Better safe than sorry: That’s how Lower Rio Grande Valley citrus experts reacted to last week’s quarantine of Florida citrus.
On June 6 the U.S. Department of Agriculture announced that Florida citrus growers will be barred from sending their fresh fruit to other citrus-producing states this season to prevent the spread of citrus diseases.
“The implementation of the quarantine was based on the widespread presence of citrus canker in Florida that could be spread to other citrus-producing areas on contaminated fruit,” said Dr. Julian Sauls, aTexas Cooperative Extension citrus specialist in Weslaco.
Canker is not a threat to humans, but it is a highly contagious bacterial disease that causes unsightly lesions on leaves, twigs and fruit, leaving the citrus unmarketable. It is spread by wind, rain and people who can unknowingly transfer the infection on their person or by moving infected plants, Sauls said.
The quarantine prevents the shipment of Florida citrus to five U.S. territories and six states, including Texas and California, two of the Valley’s largest citrus markets.
Florida’s $9 billion citrus industry has been battered by two hurricane seasons that ruined crops and spread canker throughout the state. In January, the USDA announced it would no longer fund the destruction of all citrus trees within a 1,900-foot radius of an infected tree.
Florida growers have also been hit with citrus greening, another bacterial disease that leads to tree death. Neither have been detected in Rio Grande Valley orchards, but they do pose a looming threat.
“These bacteria have no known cures, other than the complete destruction of infected trees,” said Dr. Erik Mirkov, a virologist and microbiologist at the Texas A&M University System Agricultural Research and Extension Center at Weslaco. “They literally threaten the very existence of citrus production in the United States and elsewhere.”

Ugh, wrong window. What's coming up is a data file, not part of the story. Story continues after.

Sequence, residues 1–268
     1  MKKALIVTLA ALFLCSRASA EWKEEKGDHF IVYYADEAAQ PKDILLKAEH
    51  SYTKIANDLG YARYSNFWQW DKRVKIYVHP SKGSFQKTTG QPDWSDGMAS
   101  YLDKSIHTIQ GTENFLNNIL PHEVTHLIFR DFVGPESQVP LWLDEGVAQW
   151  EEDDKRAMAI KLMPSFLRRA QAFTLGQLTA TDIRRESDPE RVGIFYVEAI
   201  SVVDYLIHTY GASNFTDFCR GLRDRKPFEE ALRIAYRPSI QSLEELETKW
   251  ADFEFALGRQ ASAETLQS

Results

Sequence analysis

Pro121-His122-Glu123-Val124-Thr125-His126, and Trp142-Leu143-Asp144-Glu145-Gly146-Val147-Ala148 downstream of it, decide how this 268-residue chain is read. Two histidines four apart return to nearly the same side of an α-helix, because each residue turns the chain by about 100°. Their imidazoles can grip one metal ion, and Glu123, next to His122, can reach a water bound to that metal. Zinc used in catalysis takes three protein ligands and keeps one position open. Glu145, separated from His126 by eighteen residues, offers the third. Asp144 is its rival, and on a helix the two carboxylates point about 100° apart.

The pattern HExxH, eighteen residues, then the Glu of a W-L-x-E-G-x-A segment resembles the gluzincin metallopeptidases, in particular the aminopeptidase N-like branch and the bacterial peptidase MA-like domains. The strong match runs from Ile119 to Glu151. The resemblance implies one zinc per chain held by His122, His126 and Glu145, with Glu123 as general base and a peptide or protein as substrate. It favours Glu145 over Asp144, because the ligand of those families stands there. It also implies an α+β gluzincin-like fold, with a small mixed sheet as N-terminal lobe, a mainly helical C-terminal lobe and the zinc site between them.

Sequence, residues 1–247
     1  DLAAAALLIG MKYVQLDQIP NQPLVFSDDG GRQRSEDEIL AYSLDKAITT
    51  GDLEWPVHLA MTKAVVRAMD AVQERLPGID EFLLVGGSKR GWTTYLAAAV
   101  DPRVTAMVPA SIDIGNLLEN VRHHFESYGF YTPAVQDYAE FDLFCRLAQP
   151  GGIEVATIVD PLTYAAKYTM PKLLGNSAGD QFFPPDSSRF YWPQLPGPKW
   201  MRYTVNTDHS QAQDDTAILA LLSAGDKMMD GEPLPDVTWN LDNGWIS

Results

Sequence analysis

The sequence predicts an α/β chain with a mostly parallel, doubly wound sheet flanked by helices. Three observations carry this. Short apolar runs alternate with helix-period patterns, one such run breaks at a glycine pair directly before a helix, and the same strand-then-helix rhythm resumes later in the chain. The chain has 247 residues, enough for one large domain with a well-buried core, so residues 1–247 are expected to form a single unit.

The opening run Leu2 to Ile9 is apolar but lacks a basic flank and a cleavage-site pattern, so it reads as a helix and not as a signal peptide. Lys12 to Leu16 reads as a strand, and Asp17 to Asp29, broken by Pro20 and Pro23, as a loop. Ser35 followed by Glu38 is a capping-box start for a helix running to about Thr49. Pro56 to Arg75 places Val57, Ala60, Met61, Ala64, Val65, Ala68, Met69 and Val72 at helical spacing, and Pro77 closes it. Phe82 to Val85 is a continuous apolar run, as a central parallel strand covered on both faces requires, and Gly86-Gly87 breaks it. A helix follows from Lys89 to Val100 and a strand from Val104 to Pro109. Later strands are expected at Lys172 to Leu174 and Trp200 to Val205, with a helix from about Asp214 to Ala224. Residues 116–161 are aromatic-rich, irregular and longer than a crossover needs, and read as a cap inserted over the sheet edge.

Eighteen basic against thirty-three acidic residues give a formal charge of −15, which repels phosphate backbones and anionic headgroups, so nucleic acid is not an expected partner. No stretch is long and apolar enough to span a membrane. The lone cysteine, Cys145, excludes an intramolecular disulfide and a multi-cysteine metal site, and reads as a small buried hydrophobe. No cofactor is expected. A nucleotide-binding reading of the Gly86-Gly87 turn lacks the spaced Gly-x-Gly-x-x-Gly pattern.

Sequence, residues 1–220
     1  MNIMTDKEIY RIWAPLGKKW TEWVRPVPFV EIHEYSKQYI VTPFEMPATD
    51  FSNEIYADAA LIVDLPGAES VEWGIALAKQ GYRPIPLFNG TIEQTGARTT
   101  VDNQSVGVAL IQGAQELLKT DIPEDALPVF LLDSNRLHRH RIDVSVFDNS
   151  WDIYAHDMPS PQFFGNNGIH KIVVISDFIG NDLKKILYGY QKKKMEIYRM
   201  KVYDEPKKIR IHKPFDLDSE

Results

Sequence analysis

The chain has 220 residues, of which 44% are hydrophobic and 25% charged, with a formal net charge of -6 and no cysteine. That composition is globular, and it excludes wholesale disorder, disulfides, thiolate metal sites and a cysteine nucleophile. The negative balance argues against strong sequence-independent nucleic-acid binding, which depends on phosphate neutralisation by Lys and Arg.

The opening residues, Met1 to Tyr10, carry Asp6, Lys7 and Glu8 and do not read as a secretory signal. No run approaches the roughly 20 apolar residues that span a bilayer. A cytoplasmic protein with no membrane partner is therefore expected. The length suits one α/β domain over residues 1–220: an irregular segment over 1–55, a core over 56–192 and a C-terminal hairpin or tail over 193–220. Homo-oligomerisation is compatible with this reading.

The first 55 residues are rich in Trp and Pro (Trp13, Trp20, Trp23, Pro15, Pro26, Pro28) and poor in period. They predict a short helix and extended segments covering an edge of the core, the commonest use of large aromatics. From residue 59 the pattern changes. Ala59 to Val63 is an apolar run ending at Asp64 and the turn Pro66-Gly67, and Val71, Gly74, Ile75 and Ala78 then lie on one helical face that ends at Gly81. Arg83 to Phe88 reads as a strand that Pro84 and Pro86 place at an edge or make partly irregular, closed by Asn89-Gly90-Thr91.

Mirkov has developed transgenic varieties of citrus trees that are being tested in Florida for resistance to both canker and greening.
Preliminary results look promising, Mirkov said.
Florida grower organizations were upset with the quarantine, claiming that fruit without disease symptoms should be cleared for shipping, Sauls said.
“The fear is that fruit with canker lesions would get by inspectors and make its way to Texas,” he said.
Dr. John Da Graca, deputy director of the Texas A&M-Kingsville Citrus Center at Weslaco, said that risk of transmission is being studied by USDA scientists in Florida.
“They’re trying to determine whether infection can be transmitted from fruit that has bacteria present yet is asymptomatic, or not yet showing symptoms,” he said. “And there’s the question of whether fruit can acquire the bacteria from a bin, for example, that previously contained contaminated fruit. There’s a lot yet to be answered, so while the risk may not be high, the more we can do to eliminate risk, the better.”
Ray Prewett, president of Texas Citrus Mutual, a commodity group in Mission, agreed, and said his organization was supportive of the quarantine action.
“We’re obviously concerned about the possibility of getting canker,” he said. “It would be devastating to us. There are legitimate reasons and merits for the quarantine and what USDA did, but we’re not sure of what the impact will be to growers and consumers.”
The quarantine means Valley growers will be without competition from Florida citrus in California and Texas. But both Prewett and Sauls agreed the market would have been favorable for Valley growers anyway since this is the third year that grapefruit production from Florida has been severely limited by urbanization, hurricane damage and citrus diseases.
How long the quarantine will last and whether it will affect the international citrus import/export markets is yet to be determined, Prewett said.